Thomas v. Davey et al

Filing 22

ORDER DENYING Plaintiff's 16 17 Motions for Reconsideration; Amended Complaint Due within Thirty Days signed by District Judge Anthony W. Ishii on 3/6/2017. (Sant Agata, S)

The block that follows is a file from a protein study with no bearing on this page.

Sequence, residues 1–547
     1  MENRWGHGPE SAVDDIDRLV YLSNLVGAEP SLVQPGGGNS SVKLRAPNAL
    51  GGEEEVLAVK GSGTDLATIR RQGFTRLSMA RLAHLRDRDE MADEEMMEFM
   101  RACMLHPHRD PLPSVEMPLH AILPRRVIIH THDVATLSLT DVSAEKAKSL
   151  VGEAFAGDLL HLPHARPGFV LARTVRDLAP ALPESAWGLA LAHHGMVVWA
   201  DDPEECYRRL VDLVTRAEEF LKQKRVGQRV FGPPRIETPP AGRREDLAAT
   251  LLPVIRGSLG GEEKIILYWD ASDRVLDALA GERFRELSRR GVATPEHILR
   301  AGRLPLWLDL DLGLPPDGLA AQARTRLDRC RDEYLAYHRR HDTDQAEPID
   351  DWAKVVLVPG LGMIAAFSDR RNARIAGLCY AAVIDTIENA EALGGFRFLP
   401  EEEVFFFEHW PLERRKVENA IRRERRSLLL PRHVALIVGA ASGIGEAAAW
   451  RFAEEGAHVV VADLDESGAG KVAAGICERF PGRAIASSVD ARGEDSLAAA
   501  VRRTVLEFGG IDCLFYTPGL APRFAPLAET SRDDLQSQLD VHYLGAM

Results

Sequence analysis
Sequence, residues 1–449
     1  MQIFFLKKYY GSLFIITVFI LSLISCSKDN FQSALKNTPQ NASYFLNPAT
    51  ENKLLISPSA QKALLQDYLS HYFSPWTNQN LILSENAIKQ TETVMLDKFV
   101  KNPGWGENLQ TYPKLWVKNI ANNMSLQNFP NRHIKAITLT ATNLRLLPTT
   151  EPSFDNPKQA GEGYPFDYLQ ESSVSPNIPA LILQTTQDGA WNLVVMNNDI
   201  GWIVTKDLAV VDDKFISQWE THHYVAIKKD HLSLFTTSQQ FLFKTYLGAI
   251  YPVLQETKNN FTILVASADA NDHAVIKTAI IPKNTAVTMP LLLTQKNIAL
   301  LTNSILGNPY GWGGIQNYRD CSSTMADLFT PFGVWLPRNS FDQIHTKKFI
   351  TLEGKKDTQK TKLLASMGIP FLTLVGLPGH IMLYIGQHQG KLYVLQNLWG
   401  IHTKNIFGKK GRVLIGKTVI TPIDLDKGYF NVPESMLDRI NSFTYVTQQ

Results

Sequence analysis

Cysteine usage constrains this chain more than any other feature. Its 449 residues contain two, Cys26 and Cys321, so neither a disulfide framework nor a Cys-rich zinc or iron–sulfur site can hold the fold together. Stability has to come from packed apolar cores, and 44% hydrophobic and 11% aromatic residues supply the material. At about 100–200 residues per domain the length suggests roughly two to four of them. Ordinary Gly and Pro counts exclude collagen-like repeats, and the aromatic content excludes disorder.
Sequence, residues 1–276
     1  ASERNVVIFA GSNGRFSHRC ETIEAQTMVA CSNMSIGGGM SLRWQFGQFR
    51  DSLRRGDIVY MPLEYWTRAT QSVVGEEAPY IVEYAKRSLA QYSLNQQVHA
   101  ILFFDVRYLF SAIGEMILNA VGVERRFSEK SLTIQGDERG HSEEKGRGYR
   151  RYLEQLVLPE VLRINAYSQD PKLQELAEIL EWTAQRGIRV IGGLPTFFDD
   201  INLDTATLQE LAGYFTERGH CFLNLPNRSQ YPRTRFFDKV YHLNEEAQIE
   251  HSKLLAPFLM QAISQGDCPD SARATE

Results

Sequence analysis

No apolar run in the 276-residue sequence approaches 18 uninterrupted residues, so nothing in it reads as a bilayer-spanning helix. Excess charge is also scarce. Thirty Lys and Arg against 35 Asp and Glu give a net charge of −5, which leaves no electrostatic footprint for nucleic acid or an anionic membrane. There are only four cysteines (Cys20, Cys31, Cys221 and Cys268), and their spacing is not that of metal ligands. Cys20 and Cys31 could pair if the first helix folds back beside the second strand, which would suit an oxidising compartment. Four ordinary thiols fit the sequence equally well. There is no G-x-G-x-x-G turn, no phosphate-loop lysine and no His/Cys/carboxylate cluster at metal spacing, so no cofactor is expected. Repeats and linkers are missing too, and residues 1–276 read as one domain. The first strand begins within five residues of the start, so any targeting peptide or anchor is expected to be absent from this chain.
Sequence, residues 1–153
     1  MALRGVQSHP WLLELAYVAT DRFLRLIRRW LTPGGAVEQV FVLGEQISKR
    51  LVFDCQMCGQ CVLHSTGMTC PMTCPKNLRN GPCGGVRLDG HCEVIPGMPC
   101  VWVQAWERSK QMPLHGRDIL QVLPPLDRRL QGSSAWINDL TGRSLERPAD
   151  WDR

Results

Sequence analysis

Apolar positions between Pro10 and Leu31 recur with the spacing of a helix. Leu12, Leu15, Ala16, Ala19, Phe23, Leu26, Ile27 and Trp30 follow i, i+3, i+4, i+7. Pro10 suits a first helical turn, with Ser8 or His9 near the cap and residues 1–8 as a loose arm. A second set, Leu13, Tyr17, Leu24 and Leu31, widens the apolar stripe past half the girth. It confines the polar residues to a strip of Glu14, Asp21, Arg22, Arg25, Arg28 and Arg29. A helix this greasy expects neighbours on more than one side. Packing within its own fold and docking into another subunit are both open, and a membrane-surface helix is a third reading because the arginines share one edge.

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1 2 3 UNITED STATES DISTRICT COURT 4 EASTERN DISTRICT OF CALIFORNIA 5 6 EDWARD THOMAS, 7 8 9 Plaintiff, v. DAVE DAVEY, et al., 10 Defendants. 11 12 ) ) ) ) ) ) ) ) ) ) ) Case No.: 1:16-cv-0925-AWI-BAM (PC) ORDER DENYING PLAINTIFF’S MOTIONS FOR RECONSIDERATION (ECF Nos. 16, 17) 13 I. 14 Plaintiff Edward Thomas (“Plaintiff”) is a state prisoner proceeding pro se and in forma 15 Procedural Background pauperis in this civil rights action pursuant to 42 U.S.C. § 1983. 16 On October 24, 2016, the Magistrate Judge screened Plaintiff’s first amended complaint. (ECF 17 No. 12). The Magistrate Judge determined that Plaintiff’s first amended complaint (which exceeded 18 100 pages, named more than forty-five (45) defendants and included events spanning from 2001 to 19 2016) was an apparent attempt to circumvent the page limitations related to electronic submission of 20 prisoner litigation. (Id. at 2). Additionally, the Magistrate Judge determined that Plaintiff’s first 21 amended complaint also failed to comply with Federal Rule of Civil Procedure 8(a) and the 22 requirement that a complaint contain a short and plain statement of the claim. 23 Magistrate Judge granted Plaintiff leave to amend his complaint within thirty (30) days, and directed 24 that any amended complaint may not exceed twenty-five (25) pages. (Id. at 4). (Id. at 3). The 25 On November 4, 2016, Plaintiff filed a motion for reconsideration of the Magistrate Judge’s 26 screening order. Plaintiff asserts that the Magistrate Judge’s ruling should be reversed because (1) he 27 did not consent to Magistrate Judge jurisdiction, and therefore the Magistrate Judge lacks jurisdiction 28 to make any ruling, order or decision in this matter; (2) he has complied with all procedural 1 1 requirements; (3) he was entitled to amend his complaint as a matter of course; (4) his amended 2 complaint was not subject to any page limitations; and (5) the Magistrate Judge erred in determining 3 that his complaint details events spanning more than 15 years. (ECF No. 16). On November 18, 4 2016, Plaintiff filed a second motion for reconsideration, which is identical to the first motion. (ECF 5 No. 17). 6 II. A. Legal Standard 7 8 9 10 11 12 13 14 15 16 17 18 19 20 21 22 23 24 25 26 27 Discussion A district court may refer pretrial issues to a magistrate judge under 28 U.S.C. ' 636(b)(1). See Bhan v.NME Hosp., Inc., 929 F.2d 1404, 1414 (9th Cir. 1991). If a party objects to a nondispositive pretrial ruling by a magistrate judge, the district court will review or reconsider the ruling under the “clearly erroneous or contrary to law” standard. 28 U.S.C. § 626(b)(1)(A); Fed. R. Civ. P. 72(a); Grimes v. City of San Francisco, 951 F.2d 236, 240-41 (9th Cir. 1991). A magistrate judge’s factual findings or discretionary decisions are “clearly erroneous” when the district court is left with the definite and firm conviction that a mistake has been committed. Security Farms v. International Bhd. of Teamsters, 124 F.3d 999, 1014 (9th Cir. 1997); Calderon v. Experian Inf. Solutions, Inc., 290 F.R.D. 508, 511 (D. Ida. 2013); Avalos v. Foster Poultry Farms, 798 F.Supp.2d 1156, 1160 (E.D. Cal. 2011); Jadwin v. County of Kern, 767 F.Supp.2d 1069, 1110 (E.D. Cal. 2011). This standard is significantly deferential. Avalos, 798 F.Supp.2d at 1160. The district court “may not simply substitute its judgment for that of the deciding court.” Grimes, 951 F.2d at 241; Avalos, 798 F.Supp.2d at 1160. The “contrary to law” standard allows independent, plenary review of purely legal determinations by the magistrate judge. See Haines v. Liggett Group, Inc., 975 F.2d 81, 91 (3rd Cir.1992); Avalos, 798 F.Supp.2d at 1160; Jadwin, 767 F.Supp.2d at 1110 (E.D. Cal. 2011). “An order is contrary to law when it fails to apply or misapplies relevant statutes, case law, or rules of procedure.” Calderon, 290 F.R.D. at 511; Jadwin, 767 F.Supp.2d at 1010-11. B. Analysis Plaintiff asserts that it was improper for the Magistrate Judge to issue the screening order because he did not consent to Magistrate Judge jurisdiction. However, a party’s decision to decline 28 2 1 2 3 4 5 6 7 8 9 Magistrate Judge jurisdiction affects only the Magistrate Judge’s ability to issue rulings on dispositive matters. The screening order at issue, which required Plaintiff to file a second amended complaint, was not dispositive. 28 U.S.C. § 636(b); Local Rule 302(c). That Plaintiff does not consent to, or has expressly declined, magistrate judge jurisdiction in no way affects the validity of the screening order at issue or the ability of the magistrate judge to rule on non-dispositive matters or issue findings and recommendations. See Thompson v. Adams, 2014 U.S. Dist. LEXIS 74280, *1 (E.D. Cal. May 30, 2014); Hubbard v. Mendes, 2014 U.S. Dist. LEXIS 35453, *2 (E.D. Cal. Mar. 17, 2014); Fratus v. California Dept. of Corr., 2013 U.S. Dist. LEXIS 44226, *1-*2 (E.D. Cal. Mar. 27, 2013); Local Rule 302. 10 Further, the Magistrate Judge’s determination that the amended complaint was an attempt to 11 circumvent the initial page limitations for electronic filing was not clearly erroneous or contrary to 12 law. The Magistrate Judge correctly determined that Plaintiff is currently incarcerated at California 13 State Prison, Corcoran, which is a state prison facility participating in a pilot program allowing for the 14 initial electronic filing of prisoner complaints, not to exceed twenty-five pages in length, in civil rights 15 cases involving conditions of confinement claims. (ECF No. 12 at 2). See Standing Order, In Re: 16 Procedural Rules For Electronic Submission Of Prisoner Litigation Filed By Plaintiffs Incarcerated At 17 Participating Penal Institutions, March 1, 2016, at ¶ 4. The Magistrate Judge also correctly determined 18 that while Plaintiff’s original complaint complied with the initial page limitations, Plaintiff waited less 19 than a month before filing an amended complaint that is well in excess of the court-ordered initial 25- 20 page limitation. (ECF No. 12 at 2-3). The Court does not find that the Magistrate Judge’s inference 21 that Plaintiff’s amended complaint was an attempt to circumvent the initial electronic filing 22 requirements was clearly erroneous. As Plaintiff demonstrates in his motions for reconsideration, he 23 filed his lengthy amended complaint in this action because he believes that “there is no way” he could 24 link his 45 defendants to the alleged constitutional deprivations and violations within the 25 pages of 25 his initial complaint. (ECF No. 16 at 8-9). Plaintiff further admits that, prior to initiating this action, 26 he sought leave to exceed the initial page limits for these claims by filing a motion for exemption from 27 the e-filing page limitations in Thomas v. Strainer, et al., Case No. 1:16-mc-00030-LJO-SAB. 28 Plaintiff’s motion was denied initially and on reconsideration. Following these denials, Plaintiff 3 1 initiated this action on June 27, 2016, by submitting a complaint in compliance with the e-filing page 2 limits. (ECF No. 16 at 2-3). However, Plaintiff promptly filed an amended complaint in excess of 3 100 pages approximately one month later. (ECF No. 8). Given these circumstances, the Court is not 4 convinced that the Magistrate Judge committed a mistake by finding that the amended complaint was 5 “an attempt to circumvent the initial page limitations contemplated by this Court.” (ECF No. 12 at 2). 6 Moreover, Plaintiff’s lengthy amended complaint fails to comply with Federal Rule of Civil 7 Procedure 8(a), which requires a “short and plain statement of the claim showing that the pleader is 8 entitled to relief.” Fed. R. Civ. P. 8(a)(2) (emphasis added). It is within the Court’s authority to 9 control its docket, see Thompson v. Hous. Auth. of City of Los Angeles, 782 F.2d 829, 831 (9th Cir. 10 1986), and district courts may enforce the requirements of Rule 8 by setting reasonable page 11 limitations on the length of a pleading. See Lamon v. Ellis, 584 Fed. Appx. 514, 515 (9th Cir. 2014); 12 Harris v. NYU Langone Med. Ctr., 2013 U.S. Dist. LEXIS 99328, *115-*116 (S.D. N.Y. July 9, 2013) 13 (and cases cited therein); Knapp v. Cate, 2010 U.S. Dist. LEXIS 98997, *10 (E.D. Cal. Sep. 7, 2010); 14 see also Timmerman v. U.S. Bank, N.A., 483 F.3d 1106, 1112 (10th Cir. 2007). A review of 15 Plaintiff’s amended complaint demonstrates why a page a limitation is necessary: it is four times 16 larger than the page limit set by the standing order, it contains many extraneous and irrelevant 17 allegations, includes conduct spanning from 2001 to 2016,1 and may include claims against many 18 defendants that are based on separate and distinct transactions/occurrences, cf. Fed. R. Civ. P. 19 20(a)(2)(A).2 20 Once Plaintiff files a second amended complaint that complies with Rule 8 and the 25-page 21 limit, it will be screened. If the second amended complaint does not allege plausible claims, it will be 22 dismissed with leave to amend. If, during the screening process, the Magistrate Judge determines that 23 24 25 26 27 1 The Court notes that Plaintiff objects that the Magistrate Judge mischaracterized his complaint as seeking relief for actions that occurred in 2001 forward. However, the Magistrate Judge merely noted that the amended complaint contains allegations that span a time from 2001 to 2016, which is a true statement. It is understood that Plaintiff is seeking relief for conduct that occurred between 2014 and 2016. 2 28 The Court is not holding that the amended complaint violates Rule 20 at this time. Because of the violation of Rule 8, it is enough to note that there is a possible Rule 20 problem. 4 1 it is appropriate to alter the page limitation, the Magistrate Judge may do so. In the meantime, 2 Plaintiff will comply with the 25-page limitation and Rule 8. Plaintiff’s remaining arguments also are not persuasive, and the motion for reconsideration 3 4 shall be denied.3 5 III. Conclusion and Order 6 For the reasons stated, it is HEREBY ORDERED as follows: 7 1. Plaintiff’s motions for reconsideration, filed on November 4 and November 18, 2016, are DENIED; 8 2. Within thirty (30) days from the date of service of this order, Plaintiff shall file a second 9 amended complaint, which may not exceed twenty-five (25) pages; and 10 11 3. If Plaintiff fails to file a second amended complaint in compliance with this order, this 12 action will be dismissed for failure to obey a court order and for failure to state a claim 13 without further notice. 14 15 IT IS SO ORDERED. 16 Dated: March 6, 2017 SENIOR DISTRICT JUDGE 17 18 19 20 21 22 23 24 25 26 3 27 28 The Court notes that Plaintiff objects that the Magistrate Judge overlooked Rule 15, which permits a litigant to file an amended complaint as a matter of course within 21 days of serving the original complaint. However, the issue is not Rule 15, the issue is Rule 8. As discussed above, the amended complaint does not comply with Rule 8 because of its length and inclusion of extraneous and unnecessary information. 5